Code example guidelines

This document series outlines the coding guidelines and best practices we use for writing demos, code snippets, interactive examples, etc, for use on MDN.

If you are looking for guidelines to follow when writing your code examples, you have come to the right place. The biggest advantage to adhering to these guidelines is that it will foster consistency across our samples and demos on MDN, which increases readability and comprehension overall.

Note: If you want advice on the styling of code as it appears on an MDN article, rather than the code content, see our Writing style guide.

Article structure

This article contains general high-level best practices for writing MDN code examples. Its subarticles are as follows:

General best practices

This section provides quick general best practices for creating an understandable minimal code sample to demonstrate usage of a specific feature or function.

Code samples need to be:

  • simple enough to be understandable, but
  • complex enough to do something interesting, and preferably useful.

There is one overarching consideration that you need to keep in mind: Readers will copy and paste the code sample into their own code, and may put it into production.

Therefore, you need to make sure that the code example is usable and follows generally accepted best practices, and does not do anything that will cause an application to be insecure, grossly inefficient, bloated, or inaccessible. If the code example is not runnable or production-worthy, be sure to include a warning in a code comment and in the explanatory text — if it is a snippet and not a full example, make this clear. This also means that you should provide all of the information necessary to run the example including any dependencies and setup.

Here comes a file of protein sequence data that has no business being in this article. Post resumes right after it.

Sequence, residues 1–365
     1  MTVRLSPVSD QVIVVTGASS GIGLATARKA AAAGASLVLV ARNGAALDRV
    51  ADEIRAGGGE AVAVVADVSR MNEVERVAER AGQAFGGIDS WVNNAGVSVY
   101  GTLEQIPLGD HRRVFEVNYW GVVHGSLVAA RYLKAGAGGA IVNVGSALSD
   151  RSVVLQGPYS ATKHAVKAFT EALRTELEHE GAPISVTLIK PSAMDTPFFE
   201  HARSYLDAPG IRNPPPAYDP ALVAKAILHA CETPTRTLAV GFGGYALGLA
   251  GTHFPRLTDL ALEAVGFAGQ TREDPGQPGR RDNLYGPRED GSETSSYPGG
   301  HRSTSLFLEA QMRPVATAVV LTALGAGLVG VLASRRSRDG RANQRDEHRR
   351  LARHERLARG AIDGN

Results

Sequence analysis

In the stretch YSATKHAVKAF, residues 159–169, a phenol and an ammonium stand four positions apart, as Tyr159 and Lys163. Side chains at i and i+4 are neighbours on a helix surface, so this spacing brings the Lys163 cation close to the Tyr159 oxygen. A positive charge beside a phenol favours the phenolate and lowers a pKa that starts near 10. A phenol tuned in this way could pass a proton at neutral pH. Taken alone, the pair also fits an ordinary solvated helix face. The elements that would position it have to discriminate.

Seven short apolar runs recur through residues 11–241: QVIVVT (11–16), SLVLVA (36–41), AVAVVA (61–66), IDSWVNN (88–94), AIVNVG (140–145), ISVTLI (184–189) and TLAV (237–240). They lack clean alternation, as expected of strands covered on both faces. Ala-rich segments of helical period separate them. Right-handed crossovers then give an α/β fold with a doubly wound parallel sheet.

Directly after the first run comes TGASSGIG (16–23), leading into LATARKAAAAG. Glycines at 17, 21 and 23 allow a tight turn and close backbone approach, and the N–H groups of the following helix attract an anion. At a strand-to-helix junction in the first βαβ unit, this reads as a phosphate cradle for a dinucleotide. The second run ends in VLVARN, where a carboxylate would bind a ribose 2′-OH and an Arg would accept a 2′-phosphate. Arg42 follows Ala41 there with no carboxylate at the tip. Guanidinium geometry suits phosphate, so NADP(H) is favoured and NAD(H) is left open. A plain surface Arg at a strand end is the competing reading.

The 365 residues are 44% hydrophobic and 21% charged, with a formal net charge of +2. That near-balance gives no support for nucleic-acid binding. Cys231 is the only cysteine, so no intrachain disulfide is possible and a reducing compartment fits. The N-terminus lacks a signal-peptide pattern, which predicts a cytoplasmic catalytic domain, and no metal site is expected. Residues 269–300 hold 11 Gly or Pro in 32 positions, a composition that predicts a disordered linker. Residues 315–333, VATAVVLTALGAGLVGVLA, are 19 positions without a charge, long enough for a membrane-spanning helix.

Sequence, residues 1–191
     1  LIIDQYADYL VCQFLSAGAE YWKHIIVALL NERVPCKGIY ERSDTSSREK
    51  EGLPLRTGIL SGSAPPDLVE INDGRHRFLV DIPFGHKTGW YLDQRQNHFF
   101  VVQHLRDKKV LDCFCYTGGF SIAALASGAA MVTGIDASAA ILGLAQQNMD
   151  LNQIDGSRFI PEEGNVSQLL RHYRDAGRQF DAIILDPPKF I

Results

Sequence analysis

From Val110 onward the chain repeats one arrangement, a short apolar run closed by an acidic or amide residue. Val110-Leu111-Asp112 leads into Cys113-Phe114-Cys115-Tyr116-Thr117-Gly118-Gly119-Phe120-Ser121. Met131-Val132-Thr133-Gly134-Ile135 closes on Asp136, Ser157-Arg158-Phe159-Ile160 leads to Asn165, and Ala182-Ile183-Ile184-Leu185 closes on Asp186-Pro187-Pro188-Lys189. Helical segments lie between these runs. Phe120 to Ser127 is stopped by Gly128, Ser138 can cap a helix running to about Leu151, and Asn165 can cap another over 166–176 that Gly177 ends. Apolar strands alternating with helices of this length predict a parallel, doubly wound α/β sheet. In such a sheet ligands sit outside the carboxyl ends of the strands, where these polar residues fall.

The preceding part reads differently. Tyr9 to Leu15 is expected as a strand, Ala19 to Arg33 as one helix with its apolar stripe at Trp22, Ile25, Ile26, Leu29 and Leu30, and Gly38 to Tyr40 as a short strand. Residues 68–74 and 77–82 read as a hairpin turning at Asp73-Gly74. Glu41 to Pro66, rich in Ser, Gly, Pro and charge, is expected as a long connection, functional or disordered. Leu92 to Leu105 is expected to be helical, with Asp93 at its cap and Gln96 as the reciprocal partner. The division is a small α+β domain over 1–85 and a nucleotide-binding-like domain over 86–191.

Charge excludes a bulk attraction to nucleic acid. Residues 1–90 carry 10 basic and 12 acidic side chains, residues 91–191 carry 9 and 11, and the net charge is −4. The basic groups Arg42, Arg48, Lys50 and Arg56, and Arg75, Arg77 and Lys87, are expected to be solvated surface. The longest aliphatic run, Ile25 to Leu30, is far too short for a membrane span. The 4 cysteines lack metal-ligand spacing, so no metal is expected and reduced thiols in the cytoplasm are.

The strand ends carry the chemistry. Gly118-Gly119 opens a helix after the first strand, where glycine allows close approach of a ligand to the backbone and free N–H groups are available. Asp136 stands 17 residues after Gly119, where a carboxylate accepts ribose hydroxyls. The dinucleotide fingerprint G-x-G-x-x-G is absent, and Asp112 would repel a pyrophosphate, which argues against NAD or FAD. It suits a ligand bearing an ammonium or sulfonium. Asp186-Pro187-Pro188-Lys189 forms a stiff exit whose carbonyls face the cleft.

Code samples should be as self-contained and easy to understand as possible. The aim is not necessarily to produce efficient, clever code that impresses experts and has great functionality, but rather to produce reduced working examples that can be understood as quickly as possible.

  • The sample should be short and ideally only show the feature you are immediately interested in.
  • Only include code that is essential for the example. A large amount of non-relevant code can easily distract or confuse the audience. If you want to provide a full, more lengthy, example put it in one of our Github repos (or a JSBin, Codepen, or similar) and then provide the link to the full version above or below the sample.
  • Don't include unnecessary server-side code, libraries, frameworks, preprocessors, and other such dependencies — they make the code less portable, and harder to run and understand. Use vanilla code where possible.
  • Don't assume knowledge of any libraries, frameworks, preprocessors, or other non-native features. For example, use class names that make sense within the example rather than classnames that make sense to BEM or Bootstrap users.
  • Write your code as cleanly and understandably as possible, even if it is not the most efficient way to do it.
  • Don't use bad practices for brevity (such as presentational elements like <big> or document.write()); do it correctly.
  • In the case of API demos, if you are using multiple APIs together point out what APIs are included, and what features come from where.